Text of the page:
. . . . is the tagline for Fear and Desire (1953), Stanley Kubrick’s first feature.
The poster makes Kubrick’s first out to be some sort of hot noir. In fact, it is Kubrick’s attempt at making some sort of odd art-house film, exhibiting in early, amateurish form some of the aridity that would highlight/plague many of his later works. Four soldiers in a nameless, highly abstracted war are trying to get out from behind enemy lines but mostly just run through the woods pronouncing and emoting.
As Ty Burr commented in the Boston Globe just this morning:
“Fear and Desire,” recently released on DVD after years in obscurity, is the work of a visually gifted, fatally earnest young artist burning to Say Something. An hour long drama about a squadron of soldiers behind enemy lines in an unnamed war, the film features “poetic” dialogue (written by Howard Sackler) out of an adolescent’s journal and an awesomely terrible performance by the young director-to-be Paul Mazursky. More than anything, “Fear” plays like a student production of Terrence Malick’s later “The Thin Red Line.”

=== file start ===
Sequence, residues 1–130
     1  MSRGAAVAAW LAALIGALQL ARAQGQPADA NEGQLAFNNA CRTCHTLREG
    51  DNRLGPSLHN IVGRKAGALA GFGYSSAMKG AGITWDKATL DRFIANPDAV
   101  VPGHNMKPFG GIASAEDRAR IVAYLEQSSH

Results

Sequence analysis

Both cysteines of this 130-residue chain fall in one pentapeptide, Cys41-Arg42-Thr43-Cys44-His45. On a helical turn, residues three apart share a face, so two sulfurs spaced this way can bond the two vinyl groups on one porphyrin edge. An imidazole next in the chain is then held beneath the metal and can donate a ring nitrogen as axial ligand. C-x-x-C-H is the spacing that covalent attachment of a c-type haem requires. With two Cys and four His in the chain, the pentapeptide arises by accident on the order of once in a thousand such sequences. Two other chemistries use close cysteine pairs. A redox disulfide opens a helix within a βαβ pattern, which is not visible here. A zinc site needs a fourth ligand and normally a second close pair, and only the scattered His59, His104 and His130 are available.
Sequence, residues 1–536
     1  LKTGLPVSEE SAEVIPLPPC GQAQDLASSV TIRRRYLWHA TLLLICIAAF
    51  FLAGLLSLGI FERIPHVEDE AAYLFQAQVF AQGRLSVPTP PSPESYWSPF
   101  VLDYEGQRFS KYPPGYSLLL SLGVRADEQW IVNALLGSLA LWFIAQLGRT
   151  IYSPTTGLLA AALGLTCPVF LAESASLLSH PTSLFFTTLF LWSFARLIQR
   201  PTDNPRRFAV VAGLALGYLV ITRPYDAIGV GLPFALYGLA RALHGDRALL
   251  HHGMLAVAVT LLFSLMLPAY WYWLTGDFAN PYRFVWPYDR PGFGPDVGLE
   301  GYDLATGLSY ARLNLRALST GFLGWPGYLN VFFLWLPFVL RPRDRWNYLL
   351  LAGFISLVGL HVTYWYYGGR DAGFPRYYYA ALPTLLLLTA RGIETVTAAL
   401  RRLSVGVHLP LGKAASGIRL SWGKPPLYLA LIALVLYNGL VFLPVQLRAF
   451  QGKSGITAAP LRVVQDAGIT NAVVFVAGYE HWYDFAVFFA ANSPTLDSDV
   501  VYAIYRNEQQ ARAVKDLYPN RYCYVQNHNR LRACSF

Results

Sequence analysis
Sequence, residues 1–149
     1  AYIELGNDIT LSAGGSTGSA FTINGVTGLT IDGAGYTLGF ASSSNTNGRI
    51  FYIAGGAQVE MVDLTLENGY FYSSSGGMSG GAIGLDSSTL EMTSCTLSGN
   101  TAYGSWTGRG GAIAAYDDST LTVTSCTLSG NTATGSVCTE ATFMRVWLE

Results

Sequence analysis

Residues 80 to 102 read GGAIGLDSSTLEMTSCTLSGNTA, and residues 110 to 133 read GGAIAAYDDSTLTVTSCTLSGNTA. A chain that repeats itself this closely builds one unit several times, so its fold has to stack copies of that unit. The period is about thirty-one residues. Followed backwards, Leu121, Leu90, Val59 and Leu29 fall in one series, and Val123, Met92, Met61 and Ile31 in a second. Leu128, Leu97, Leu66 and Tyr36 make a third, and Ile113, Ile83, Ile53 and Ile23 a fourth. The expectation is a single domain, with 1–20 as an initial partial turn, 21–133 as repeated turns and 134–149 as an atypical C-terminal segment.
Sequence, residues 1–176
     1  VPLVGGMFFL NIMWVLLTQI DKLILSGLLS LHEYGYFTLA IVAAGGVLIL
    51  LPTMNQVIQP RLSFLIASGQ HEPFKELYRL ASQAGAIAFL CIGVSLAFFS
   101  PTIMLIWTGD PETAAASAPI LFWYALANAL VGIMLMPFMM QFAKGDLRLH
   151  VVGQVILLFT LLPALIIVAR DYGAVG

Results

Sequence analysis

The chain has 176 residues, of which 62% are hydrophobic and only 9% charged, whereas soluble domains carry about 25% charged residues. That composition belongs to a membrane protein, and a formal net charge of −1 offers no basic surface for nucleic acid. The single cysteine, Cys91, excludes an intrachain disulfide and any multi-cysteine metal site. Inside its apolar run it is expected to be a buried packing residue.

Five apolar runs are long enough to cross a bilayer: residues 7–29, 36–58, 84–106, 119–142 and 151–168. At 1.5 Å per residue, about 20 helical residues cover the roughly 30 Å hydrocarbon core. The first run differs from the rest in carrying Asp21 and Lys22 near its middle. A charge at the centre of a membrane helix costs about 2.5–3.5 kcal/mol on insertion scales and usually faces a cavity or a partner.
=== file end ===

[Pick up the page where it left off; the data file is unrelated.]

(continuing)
Over time, I’ve gone back to see all of Kubrick but never was able to catch this. Kubrick himself didn’t favor its wide release. It’s recently been restored by the Library of Congress and committed to DVD. It’s also making the rounds, including at an upcoming Kubrick retrospective at Boston’s Museum of Fine Arts. So it’s around if you are a completist like I am, but caveat spectator.
Now if you are in the market for a visually arresting first film by a director who went on to more famous works, The Duellists, Ridley Scott’s first, is now out on Blu-Ray. I suspect many here will have seen it, and I myself have seen quite few times, mostly for the visuals. I’ll see it again, I am sure, on Blu-Ray.